Does OSHA require employees to receive ergonomics training?
No. OSHA does not have a specific standard that enforces ergonomics training, but it does have guidelines that strongly encourage this type of training. Ergonomics is extremely important in that it basically designs and conforms work tasks and equipment to the capabilities of each individual employee; it has been often described as "the science of fitting the job to the worker". OSHA merely suggests a training program that provides continual and updated instruction about ergonomic hazards. On the other hand, OSHA has the authority to use the General Duty Clause to cite for ergonomic hazards, since employers must keep their workplaces free from recognized serious hazards—which certainly may include ergonomic hazards.
Does OSHA require employees to receive fire extinguisher training?
Yes, if the employer has provided portable fire extinguishers for employee use in the workplace, then: "the employer shall also provide an educational program to familiarize employees with the general principles of fire extinguisher use and the hazards involved with incipient stage fire-fighting", according to 1910.157(g)(1). There are exceptions; i.e. when an employer writes into his/her emergency action and fire prevention plan that all (or certain employees who are unauthorized to use the fire extinguishers) will immediately evacuate the building in case of fire and they are not supposed to use a fire extinguisher, in which case training is not required. This assumes, however, that the situation (as in the case of welding, cutting, or brazing) does not specifically mandate the presence of someone authorized and trained to use a portable fire extinguisher (so there are exceptions within the exception).
Do all offices need to have an "emergency action plan?"
Nearly every workplace is obliged to have an emergency action plan (EAP). OSHA actually provides an online "expert system" test to determine if you are required to have an EAP.
Do all offices need to report annual work-related injuries to OSHA via Form 300?
No. Many—but not all—employers must complete OSHA’s injury and illness recordkeeping forms, including Form 300 (Log of Work-Related Injuries and Illnesses). Categories that are exempt from these forms include: (1) small employers (who employ no more than 10 employees at all times during the year); and (2) industries with low hazards (i.e. banks, restaurants, medical offices, etc.). Nevertheless, any and all establishments may be required to fill out forms, even despite typical exemption, if: (1) they are informed in writing to do so by OSHA or the Bureau of Labor Statistics; or (2) within 8 hours of any fatality or incident involving at least 3 in-patient hospitalizations.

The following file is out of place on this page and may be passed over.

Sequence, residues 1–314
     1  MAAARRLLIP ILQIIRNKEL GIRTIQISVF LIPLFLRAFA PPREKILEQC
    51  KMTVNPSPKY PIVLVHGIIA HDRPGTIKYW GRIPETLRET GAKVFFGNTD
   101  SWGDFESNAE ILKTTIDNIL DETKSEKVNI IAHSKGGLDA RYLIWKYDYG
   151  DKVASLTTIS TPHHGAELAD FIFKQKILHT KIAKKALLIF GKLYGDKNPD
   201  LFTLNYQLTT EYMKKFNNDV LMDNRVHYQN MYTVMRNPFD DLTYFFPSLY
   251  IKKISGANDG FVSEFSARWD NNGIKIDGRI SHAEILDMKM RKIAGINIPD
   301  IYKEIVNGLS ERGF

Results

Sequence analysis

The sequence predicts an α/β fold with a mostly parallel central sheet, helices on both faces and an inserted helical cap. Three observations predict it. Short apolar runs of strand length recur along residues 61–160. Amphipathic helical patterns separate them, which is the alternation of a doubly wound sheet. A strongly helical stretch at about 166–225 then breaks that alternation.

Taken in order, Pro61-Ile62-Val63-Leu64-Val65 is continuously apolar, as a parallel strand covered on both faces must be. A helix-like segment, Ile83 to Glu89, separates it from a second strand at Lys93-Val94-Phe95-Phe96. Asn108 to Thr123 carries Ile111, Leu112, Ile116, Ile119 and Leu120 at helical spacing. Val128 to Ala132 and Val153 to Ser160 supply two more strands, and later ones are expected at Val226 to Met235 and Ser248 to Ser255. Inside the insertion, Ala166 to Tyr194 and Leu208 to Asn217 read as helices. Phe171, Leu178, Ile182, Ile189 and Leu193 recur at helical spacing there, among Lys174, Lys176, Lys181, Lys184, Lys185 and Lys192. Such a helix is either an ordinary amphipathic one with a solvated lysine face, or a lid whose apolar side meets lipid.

Which OSHA regulations are applicable in an office environment?
OSHA applies to all businesses and requires that all employers provide their employees with work conditions that are free from recognized hazards. Employers in office settings are still absolutely required to comply with applicable OSHA standards, which may (typically) include: (1) reporting of injuries/illnesses/fatalities; (2) ergonomics; (3) emergency action plan and evacuation strategy; (4) electrical equipment; (5) fire extinguishers; (6) hazard communication; (7) floor, bathroom, storage area, and other housekeeping requirements; (8) provision of healthy drinking water and food consumption settings; (9) OSHA posting requirements; and (10) prohibition from discriminating against employees who exercise OSHA rights.
DVD cost effectively trains and retrains an unlimited amount of employees.
No trainer required, just pop in and play.
Video content keeps trainees engaged.
Very convenient, multiple employees don’t need to be pulled off the floor at once for a training session.
Includes both video content and an interactive quiz element to keep workers engaged.
More engaging than traditional training formats.
Can be customized to fit a companies specific work environment and equipment.
The only training option that can cover the "hands on" and "evaluation" portions of the training in addition to the "classroom" portion of the training.
Can be difficult to pull multiple workers off the floor at once to watch the video.
The DVD can get lost or scratched.
DVD can only train workers at a single location.
Due to the per person pricing format, it’s expensive for large companies that need to train hundreds or thousands of employees.
By far the most expensive training medium.
Administering refresher training as well as initial training for new employees can be a logistical nightmare.
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